Opinion: Finding more in the tank


With a standard two-week notice, the prime minister of New Zealand, 42-year-old Jacinda Ardern, proclaimed, “I no longer have enough in the tank to do it (the job) justice.” Happily, Ardern shared with her fellow citizens that she was experiencing no ailments, other than fatigue. And her five-year run in the role had been a busy one. The nation of 2 million or so fewer people than the state of Indiana accepted the news with mixed feelings. Expectedly, some were eager for leadership change, and others were sad to see her go. Some congratulated her for taking care of herself, and others scolded her for lacking the requisite determination to finish the work.

Our own nation is led by an 80-year-old president. Recently completing a barrage of health tests determining him “fit” in the view of his doctors, the man is ready to campaign for still another term in 2024. Why do some manage to persevere when others collapse? Perhaps more important, do we ask too much of ourselves and others, or too little?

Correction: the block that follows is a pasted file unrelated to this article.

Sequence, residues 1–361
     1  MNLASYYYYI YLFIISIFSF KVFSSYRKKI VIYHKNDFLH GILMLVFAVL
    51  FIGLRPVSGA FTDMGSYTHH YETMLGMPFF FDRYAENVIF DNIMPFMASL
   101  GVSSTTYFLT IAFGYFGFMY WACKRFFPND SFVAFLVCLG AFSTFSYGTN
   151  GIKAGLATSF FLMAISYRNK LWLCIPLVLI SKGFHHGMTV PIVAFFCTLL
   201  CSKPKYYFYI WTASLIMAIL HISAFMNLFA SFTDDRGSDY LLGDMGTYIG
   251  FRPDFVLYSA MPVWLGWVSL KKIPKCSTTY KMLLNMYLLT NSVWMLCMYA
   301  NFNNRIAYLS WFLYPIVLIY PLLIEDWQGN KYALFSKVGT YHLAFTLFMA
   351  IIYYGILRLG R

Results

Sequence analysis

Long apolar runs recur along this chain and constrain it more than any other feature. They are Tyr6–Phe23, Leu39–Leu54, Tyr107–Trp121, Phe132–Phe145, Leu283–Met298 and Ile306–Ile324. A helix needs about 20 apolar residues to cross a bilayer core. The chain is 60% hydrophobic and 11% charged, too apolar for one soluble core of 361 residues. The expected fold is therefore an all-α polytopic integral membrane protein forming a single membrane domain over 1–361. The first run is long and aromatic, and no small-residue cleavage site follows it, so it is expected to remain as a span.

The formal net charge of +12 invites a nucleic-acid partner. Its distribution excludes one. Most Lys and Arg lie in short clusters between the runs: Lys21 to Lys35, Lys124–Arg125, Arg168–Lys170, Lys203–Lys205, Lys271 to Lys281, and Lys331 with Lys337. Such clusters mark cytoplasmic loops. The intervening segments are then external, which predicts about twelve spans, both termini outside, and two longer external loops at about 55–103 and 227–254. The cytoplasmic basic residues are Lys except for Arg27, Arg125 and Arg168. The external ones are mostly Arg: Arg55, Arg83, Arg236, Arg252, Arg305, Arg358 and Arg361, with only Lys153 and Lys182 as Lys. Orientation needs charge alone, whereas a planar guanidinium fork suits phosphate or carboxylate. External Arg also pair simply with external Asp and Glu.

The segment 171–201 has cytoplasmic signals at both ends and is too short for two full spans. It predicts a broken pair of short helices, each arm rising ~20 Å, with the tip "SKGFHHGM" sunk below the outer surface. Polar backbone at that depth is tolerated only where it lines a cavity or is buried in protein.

Politicians leave their posts for countless reasons, although mostly because they come to realize that they are no longer likely to win reelection. Still, Ardern’s departure and the response to it points to a shifting reality in human ethic. What is our obligation to endure adversity? When should we quit to avoid burnout, stay to try to work it out, or double down and tough it out? Let us not work ourselves to death!

Still, if we are all smelling the roses, no one is left to tend them. Grit, resolve and fortitude help propel our species. We learn that we can do more than we believed. We find that our capacity is greater than expected — and we become better and stronger for it.